That’s getting more complicated here in my home state, because the Lutheran sector has already moved their Year 7 students into a secondary school setting. The Catholic sector is talking about doing the same. The State Government is continuing to resist. But you can rest assured that many independent schools have already done the same or already operate in a R to 12 context anyway. [indistinct]. So you can be confident I guess, as the local minister, that I’m well aware of the problem, and that those who have shifted or are talking about shifting their students are knocking on my door saying well we are now incurring the additional costs of having those students embedded in a secondary school environment with more specialist teachers and some of those extra costs, so are you going to help us, given it’s primarily the State Government definition that holds us up. I’m looking at it. I don’t yet have a clear answer as to what the pathway through for me is, whether it requires legislative change or whether there are other [indistinct] that can be done, but I do understand that. And look, you’ve all been terribly polite…
Simon Birmingham: …in terms of both hearing me out today and also the fact that that niche funding question was the only funding question.
Simon Birmingham: There’s- I said terribly polite. I want to say my thing as I wrap up. I understand that funding does matter. Now I keep saying what people do with funding of course matters even more, and I stand by that. I don’t want to have a lengthy debate, not least because I’ve got a teleconference to join in a few minutes. But having had funding raised, there’s one point that I do want to emphasise, because there’s a fair degree of misinformation that sometimes is spread in that frustrating political debate I alluded to at the outset.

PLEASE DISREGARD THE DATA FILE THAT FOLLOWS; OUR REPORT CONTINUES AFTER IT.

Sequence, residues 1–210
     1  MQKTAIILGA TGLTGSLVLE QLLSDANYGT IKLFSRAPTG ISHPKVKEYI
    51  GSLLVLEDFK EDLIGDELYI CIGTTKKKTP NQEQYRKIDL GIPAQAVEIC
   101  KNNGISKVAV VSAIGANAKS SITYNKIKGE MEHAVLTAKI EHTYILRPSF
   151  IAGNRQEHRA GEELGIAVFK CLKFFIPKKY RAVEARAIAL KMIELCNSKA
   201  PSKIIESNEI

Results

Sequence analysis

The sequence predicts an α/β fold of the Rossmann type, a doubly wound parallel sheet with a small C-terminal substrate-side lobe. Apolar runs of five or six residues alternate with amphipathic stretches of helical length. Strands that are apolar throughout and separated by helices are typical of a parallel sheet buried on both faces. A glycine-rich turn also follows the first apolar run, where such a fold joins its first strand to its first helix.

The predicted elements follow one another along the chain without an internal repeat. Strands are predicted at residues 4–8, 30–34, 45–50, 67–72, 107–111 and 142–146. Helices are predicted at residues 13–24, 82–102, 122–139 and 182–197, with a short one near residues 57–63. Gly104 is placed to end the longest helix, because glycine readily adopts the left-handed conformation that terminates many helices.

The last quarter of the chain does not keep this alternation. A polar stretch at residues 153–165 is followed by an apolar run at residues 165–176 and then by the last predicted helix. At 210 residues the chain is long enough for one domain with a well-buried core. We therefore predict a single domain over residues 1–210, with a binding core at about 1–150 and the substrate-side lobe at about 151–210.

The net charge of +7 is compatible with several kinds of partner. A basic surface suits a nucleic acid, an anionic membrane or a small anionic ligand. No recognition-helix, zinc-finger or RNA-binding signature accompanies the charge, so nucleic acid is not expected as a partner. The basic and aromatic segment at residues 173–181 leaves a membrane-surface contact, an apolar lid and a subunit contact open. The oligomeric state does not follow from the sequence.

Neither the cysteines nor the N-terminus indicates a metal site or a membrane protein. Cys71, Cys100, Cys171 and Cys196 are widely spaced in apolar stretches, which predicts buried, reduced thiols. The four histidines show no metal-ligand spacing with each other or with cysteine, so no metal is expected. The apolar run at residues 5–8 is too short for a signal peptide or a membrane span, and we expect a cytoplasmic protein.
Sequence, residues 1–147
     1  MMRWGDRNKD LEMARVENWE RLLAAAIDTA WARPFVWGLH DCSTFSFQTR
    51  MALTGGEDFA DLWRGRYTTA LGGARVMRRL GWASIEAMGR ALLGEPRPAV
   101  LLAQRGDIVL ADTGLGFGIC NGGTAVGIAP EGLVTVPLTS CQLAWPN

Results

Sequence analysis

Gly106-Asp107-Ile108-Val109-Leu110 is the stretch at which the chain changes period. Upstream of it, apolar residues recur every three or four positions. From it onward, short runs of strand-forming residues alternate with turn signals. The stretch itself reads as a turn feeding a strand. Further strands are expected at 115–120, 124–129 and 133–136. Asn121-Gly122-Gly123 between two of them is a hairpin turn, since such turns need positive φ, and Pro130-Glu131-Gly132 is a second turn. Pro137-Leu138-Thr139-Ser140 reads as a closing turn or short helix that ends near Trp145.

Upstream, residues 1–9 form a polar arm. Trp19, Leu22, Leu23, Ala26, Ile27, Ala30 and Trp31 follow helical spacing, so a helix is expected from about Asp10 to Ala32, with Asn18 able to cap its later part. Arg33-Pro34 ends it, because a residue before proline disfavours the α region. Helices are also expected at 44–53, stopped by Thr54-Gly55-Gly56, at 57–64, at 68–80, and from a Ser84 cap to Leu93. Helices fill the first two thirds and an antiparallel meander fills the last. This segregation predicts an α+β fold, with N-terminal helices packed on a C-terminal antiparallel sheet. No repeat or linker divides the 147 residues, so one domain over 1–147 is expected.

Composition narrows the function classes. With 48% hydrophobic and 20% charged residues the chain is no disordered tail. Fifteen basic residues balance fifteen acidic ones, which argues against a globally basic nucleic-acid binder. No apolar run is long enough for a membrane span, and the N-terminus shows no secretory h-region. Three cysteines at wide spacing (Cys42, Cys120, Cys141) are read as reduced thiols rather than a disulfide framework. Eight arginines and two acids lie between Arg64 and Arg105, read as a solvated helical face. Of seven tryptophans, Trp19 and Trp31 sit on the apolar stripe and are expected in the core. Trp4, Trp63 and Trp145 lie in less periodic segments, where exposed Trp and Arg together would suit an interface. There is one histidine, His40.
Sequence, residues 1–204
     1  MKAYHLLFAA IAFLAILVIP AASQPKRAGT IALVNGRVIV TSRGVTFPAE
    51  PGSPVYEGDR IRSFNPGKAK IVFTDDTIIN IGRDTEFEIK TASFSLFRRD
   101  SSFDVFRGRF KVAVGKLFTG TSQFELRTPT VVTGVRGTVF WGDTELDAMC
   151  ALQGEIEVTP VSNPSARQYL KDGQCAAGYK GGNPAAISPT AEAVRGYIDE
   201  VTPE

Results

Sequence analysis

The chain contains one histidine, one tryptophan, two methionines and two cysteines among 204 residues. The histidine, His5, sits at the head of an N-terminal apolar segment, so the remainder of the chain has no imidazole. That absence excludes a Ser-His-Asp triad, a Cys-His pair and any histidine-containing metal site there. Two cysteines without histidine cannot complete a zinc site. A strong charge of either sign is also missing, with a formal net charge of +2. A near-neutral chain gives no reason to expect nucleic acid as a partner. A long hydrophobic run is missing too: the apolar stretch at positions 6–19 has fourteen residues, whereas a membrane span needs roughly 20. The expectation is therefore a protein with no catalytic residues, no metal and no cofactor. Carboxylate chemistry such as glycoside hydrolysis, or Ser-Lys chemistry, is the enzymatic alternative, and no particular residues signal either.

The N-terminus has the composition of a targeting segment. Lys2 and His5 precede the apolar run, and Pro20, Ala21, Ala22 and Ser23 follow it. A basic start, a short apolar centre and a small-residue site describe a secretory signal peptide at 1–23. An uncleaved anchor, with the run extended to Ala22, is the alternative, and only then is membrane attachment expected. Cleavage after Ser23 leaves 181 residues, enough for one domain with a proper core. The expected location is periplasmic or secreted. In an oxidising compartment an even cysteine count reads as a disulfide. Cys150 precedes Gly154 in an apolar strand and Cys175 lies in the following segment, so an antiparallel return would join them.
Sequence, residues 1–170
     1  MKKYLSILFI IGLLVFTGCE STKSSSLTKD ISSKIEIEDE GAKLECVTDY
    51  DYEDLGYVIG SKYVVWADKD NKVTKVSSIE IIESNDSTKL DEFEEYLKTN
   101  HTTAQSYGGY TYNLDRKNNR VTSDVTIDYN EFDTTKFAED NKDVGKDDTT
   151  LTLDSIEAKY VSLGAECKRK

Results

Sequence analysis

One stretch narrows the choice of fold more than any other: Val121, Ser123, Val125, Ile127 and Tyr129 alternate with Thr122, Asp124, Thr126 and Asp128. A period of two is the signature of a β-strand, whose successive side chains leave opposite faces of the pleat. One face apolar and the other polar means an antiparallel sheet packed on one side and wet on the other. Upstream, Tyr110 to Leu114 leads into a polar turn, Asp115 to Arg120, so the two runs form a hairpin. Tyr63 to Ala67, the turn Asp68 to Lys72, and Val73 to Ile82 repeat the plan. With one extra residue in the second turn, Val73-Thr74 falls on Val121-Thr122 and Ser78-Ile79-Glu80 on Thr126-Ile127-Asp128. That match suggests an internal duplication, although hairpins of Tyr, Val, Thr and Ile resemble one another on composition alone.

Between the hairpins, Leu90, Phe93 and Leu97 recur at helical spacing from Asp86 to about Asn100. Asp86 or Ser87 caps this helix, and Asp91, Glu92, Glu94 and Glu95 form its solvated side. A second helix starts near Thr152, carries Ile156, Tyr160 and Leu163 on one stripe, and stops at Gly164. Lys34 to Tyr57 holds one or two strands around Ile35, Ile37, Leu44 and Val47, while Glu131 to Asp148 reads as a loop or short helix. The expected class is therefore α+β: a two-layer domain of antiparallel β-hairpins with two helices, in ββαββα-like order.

That is that from a Federal Government level, school funding is at record levels. It’s forecast to keep growing. No matter who is elected, it’s forecast to keep growing. Now I’m not going to mislead you: my political opponents are promising far greater rates of growth than we are necessarily promising. But I often hear discussion of cuts and I sometimes get questions from genuinely concerned teachers and school leaders saying we’ve had extra money flowing into our school in recent years, and we’re really worried that we won’t be able to keep doing those things under the cuts that are forecast. Well, the message I just want to emphasise is a point of reassurance, and you’ll all have your views about funding debates generally, but a point of reassurance is funding is promised to keep growing. If your school has managed to do different things and additional things in recent years, that’s the baseline off of which we’re growing, no matter who’s elected. So the opportunity to keep doing things won’t actually be removed from schools. Of course, happily, I’ve no doubt we’ll have other opportunities to debate what additional arguments there are, but I do just want to provide that reassurance, because each time I hear the word cuts, I know that there are those who fear that what they’re currently doing today is at risk, and that’s certainly not the case. That is not the case. It’s about the trajectory of growth into the future around school funding, rather than actually any sense of reduction. But on that slightly controversial and political note…
Simon Birmingham: …I do need to wrap up. So thank you all very much again for your attention and participation.